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Wednesday, September 7, 2016

Charters Are Not Public Schools, Says the National Labor Relations Board

Posted By on Wed, Sep 7, 2016 at 8:52 PM

It sounds like an academic question. "Class, today we're going to discuss whether or not charter schools are public schools." You say "public school," I say "publicly funded school." Potato, po-tah-to. But recent decisions by the National Labor Relations Board move the question into the realm of federal law. In two cases, the NLRB decided charter schools aren't public schools. They're private corporations.
In its recent decisions, both issued Aug. 24, the National Labor Relations Board ruled that Hyde Leadership Charter School in Brooklyn and the Pennsylvania Virtual Charter School are — like other government contractors — private corporations that receive taxpayer dollars.
The Democrats on the NLRB supported the ruling, and the only Republican dissented, but it's not clear who will benefit from the wider implications of the decisions. Charters like to call themselves public schools when they want taxpayer funding, so being considered private corporations could put their funding in jeopardy, but they also like being able to act like private entities when it comes to financial and organizational transparency, so the ruling could help them maintain their privacy fire walls.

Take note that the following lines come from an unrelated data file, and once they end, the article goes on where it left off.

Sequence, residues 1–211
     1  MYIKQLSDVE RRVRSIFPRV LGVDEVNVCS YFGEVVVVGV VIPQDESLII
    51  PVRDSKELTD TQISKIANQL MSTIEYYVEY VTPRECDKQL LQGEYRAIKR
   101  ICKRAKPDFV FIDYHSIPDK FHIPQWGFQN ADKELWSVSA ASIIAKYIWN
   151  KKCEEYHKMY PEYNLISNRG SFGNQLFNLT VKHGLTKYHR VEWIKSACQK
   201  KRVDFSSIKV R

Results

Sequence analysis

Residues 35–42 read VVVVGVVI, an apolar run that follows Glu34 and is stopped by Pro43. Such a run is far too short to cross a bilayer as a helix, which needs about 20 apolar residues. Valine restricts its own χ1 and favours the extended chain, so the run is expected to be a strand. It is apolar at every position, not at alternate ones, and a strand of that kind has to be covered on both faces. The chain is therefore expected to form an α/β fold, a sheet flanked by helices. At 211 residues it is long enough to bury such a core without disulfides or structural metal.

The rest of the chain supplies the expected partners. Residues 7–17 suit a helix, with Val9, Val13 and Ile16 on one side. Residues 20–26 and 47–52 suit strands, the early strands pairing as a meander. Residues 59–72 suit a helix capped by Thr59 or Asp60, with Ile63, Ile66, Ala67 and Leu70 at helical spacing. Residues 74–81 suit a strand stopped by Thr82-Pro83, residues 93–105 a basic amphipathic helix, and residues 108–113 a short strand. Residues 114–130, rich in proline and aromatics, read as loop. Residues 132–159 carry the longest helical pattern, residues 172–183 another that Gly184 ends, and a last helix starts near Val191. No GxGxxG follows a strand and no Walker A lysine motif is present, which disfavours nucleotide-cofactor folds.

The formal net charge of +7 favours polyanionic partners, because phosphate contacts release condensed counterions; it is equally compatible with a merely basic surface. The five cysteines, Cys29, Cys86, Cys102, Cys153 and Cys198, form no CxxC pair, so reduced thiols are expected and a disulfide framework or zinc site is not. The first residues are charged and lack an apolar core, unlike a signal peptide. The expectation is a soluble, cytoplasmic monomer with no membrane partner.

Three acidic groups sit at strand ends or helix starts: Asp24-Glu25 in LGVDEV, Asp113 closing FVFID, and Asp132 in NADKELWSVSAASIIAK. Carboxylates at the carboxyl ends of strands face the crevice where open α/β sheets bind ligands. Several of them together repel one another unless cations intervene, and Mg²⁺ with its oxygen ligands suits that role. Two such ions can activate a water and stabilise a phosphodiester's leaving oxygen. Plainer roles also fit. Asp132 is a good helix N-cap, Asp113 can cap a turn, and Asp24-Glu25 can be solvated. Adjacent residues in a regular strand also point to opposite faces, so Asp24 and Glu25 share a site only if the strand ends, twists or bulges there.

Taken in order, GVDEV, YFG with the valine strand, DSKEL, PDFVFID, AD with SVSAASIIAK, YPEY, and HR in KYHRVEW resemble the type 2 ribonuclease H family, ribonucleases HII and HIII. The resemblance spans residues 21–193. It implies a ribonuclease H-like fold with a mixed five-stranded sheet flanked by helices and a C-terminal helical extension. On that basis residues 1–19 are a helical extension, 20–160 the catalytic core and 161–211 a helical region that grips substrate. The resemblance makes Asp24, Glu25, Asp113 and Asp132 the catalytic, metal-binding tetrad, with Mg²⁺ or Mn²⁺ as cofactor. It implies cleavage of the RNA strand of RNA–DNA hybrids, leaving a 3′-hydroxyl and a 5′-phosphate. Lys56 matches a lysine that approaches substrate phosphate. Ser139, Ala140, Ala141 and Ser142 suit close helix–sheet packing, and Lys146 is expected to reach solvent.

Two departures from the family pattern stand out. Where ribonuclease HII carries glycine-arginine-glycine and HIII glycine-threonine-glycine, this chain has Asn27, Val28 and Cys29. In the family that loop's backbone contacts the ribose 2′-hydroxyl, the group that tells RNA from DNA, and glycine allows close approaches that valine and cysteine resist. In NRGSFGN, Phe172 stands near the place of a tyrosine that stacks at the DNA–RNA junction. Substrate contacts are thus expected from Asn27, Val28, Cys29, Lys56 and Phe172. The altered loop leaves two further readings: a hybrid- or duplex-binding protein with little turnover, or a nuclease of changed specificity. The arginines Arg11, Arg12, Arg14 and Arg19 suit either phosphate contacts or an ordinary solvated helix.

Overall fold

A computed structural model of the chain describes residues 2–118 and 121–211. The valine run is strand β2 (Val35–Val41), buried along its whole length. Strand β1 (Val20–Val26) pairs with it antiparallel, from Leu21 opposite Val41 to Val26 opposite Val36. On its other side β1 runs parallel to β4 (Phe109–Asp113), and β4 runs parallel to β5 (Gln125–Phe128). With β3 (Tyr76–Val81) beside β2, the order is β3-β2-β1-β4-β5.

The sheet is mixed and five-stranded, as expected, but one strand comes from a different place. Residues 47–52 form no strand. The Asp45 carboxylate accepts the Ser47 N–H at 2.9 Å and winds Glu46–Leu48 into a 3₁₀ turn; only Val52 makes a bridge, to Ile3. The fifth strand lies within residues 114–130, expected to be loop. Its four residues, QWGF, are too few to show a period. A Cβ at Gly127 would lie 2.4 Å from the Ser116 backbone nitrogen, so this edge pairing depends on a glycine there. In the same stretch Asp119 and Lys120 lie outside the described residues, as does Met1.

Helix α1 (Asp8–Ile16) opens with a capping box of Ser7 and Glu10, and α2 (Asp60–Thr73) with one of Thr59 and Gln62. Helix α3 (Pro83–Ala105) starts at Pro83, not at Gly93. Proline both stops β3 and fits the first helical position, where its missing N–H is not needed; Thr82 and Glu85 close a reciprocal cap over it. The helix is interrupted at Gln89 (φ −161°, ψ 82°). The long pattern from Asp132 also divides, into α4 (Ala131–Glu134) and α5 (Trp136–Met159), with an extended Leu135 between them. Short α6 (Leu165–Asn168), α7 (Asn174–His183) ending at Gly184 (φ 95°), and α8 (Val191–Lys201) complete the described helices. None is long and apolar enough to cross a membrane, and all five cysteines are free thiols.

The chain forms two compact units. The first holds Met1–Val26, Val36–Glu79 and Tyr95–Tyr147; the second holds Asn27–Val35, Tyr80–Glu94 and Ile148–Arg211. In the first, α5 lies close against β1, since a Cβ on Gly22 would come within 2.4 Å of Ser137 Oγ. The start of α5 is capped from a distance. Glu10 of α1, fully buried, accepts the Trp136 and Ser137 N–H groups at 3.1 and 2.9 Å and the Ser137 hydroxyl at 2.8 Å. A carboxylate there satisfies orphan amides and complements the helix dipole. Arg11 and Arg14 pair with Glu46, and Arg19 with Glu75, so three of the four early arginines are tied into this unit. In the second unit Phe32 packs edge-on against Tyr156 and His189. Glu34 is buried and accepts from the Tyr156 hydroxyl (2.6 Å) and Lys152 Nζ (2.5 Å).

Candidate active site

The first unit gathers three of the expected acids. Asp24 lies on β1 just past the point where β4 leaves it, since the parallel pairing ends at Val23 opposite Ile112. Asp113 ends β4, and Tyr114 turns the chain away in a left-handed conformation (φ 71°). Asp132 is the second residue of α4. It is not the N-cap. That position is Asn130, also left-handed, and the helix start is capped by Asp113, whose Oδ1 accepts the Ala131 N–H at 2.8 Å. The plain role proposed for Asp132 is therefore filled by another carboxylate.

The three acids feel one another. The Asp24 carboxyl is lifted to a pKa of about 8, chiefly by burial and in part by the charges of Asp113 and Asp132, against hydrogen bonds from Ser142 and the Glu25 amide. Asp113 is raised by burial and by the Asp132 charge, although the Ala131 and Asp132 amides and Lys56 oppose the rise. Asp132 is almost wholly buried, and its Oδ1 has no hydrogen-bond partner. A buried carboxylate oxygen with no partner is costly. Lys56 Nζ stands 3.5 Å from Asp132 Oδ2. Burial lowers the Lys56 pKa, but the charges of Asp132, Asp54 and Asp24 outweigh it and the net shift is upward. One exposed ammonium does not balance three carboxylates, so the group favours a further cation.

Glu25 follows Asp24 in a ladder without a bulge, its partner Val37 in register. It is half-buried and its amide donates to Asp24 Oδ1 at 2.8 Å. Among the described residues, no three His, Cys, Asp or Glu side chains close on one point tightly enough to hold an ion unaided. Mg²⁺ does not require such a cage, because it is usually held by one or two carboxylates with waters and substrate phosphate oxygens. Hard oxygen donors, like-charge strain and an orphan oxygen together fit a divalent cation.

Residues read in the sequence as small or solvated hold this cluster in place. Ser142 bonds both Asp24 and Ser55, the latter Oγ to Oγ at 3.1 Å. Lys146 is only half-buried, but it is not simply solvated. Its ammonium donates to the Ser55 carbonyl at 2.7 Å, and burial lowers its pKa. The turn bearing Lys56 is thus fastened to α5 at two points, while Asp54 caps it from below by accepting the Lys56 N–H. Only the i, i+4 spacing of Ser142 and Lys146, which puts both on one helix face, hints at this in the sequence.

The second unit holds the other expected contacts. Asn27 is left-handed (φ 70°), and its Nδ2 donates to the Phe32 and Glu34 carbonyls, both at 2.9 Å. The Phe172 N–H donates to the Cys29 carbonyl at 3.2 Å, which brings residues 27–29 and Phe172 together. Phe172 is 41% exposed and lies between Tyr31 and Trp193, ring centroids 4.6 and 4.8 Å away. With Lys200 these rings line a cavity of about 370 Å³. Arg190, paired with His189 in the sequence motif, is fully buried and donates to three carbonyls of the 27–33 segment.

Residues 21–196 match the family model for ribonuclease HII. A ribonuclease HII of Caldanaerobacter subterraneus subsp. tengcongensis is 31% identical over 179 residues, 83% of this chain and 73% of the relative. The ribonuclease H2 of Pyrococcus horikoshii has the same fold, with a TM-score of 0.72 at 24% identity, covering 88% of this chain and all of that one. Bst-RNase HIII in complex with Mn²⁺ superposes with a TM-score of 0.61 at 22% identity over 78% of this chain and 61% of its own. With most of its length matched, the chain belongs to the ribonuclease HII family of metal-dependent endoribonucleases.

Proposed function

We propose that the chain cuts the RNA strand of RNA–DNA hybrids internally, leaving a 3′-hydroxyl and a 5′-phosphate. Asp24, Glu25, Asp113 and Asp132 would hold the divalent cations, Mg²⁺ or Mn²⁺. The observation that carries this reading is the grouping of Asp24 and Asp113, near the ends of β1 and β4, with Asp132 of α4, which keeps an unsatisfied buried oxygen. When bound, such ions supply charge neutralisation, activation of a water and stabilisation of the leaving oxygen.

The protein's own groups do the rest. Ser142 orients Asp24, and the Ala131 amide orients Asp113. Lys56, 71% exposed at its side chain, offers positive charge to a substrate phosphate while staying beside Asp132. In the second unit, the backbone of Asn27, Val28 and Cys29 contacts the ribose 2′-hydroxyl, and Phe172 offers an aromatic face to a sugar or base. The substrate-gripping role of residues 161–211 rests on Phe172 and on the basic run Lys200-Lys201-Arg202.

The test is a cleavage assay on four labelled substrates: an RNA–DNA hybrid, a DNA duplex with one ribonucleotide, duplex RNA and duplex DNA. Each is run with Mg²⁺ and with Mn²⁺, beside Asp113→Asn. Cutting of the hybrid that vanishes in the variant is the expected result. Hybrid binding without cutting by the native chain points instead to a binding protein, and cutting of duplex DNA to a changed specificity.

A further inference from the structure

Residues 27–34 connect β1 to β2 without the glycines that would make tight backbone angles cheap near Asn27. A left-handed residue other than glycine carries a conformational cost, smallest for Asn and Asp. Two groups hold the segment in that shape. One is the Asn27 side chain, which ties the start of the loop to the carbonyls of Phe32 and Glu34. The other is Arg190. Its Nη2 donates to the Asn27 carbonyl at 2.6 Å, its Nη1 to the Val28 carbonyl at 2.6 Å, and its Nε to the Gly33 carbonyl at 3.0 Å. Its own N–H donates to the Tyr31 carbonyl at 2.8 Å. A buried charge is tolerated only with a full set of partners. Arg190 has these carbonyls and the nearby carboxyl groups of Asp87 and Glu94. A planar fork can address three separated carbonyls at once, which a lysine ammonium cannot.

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ITT Tech Closes All Its Campuses, Including One in Tucson

Posted By on Wed, Sep 7, 2016 at 11:00 AM

  • Illustration from wikimedia photo
ITT Tech, one of the for-profit college companies which have come under well-deserved scrutiny for their predatory recruiting tactics, dependence on government funds to pay student tuition and the questionable quality of their course offerings, is shutting down nationwide. That includes one campus in Tucson and three in the Phoenix area. Nationally, it has about 35,000 students and 8,000 employees.

ITT Tech blames the Feds for the closure, which is partly true. Last week the U.S. Department of Education said the colleges could no longer enroll new students who needed federal financial aid to attend, which pretty much meant no new students. However, the company's shoddy tactics and performance were the reasons the Department of Ed cut off the funds.

ITT Tech follows the Corinthian Colleges closure in 2015 for similar reasons. And the Phoenix-based Apollo Education Group, which is the parent company for the University of Phoenix, has fallen on hard times because of increased government scrutiny. The last time I wrote about Apollo a year or so ago, the company's stock had plummeted from its 2012 high of 56.64 to 12.45. The stock is currently trading at 8.91.

The future doesn't look bright for the very profitable for-profit schools which prey on their students who often end up with poor educations and high student loans. That's good for the students and could be a boon for community colleges, which often compete for the same students, charge lower tuition and give the students a higher quality education.

The Department of Education is working to help students who are currently enrolled, including possibly forgiving their student loans.

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Staff Pick

PCC Louis Carlos Bernal Gallery – PCC FACULTY EXHIBIT

The PCC Faculty Exhibit, featuring Michael Nolan, Greg Loumeau and Mano Sotelo. Reception: Sept. 8, 5-7 p.m.… More

@ Pima Community College Center for the Arts Mondays-Thursdays, 10 a.m.-5 p.m. and Fridays, 10 a.m.-3 p.m. Continues through Oct. 7 2202 W. Anklam Road.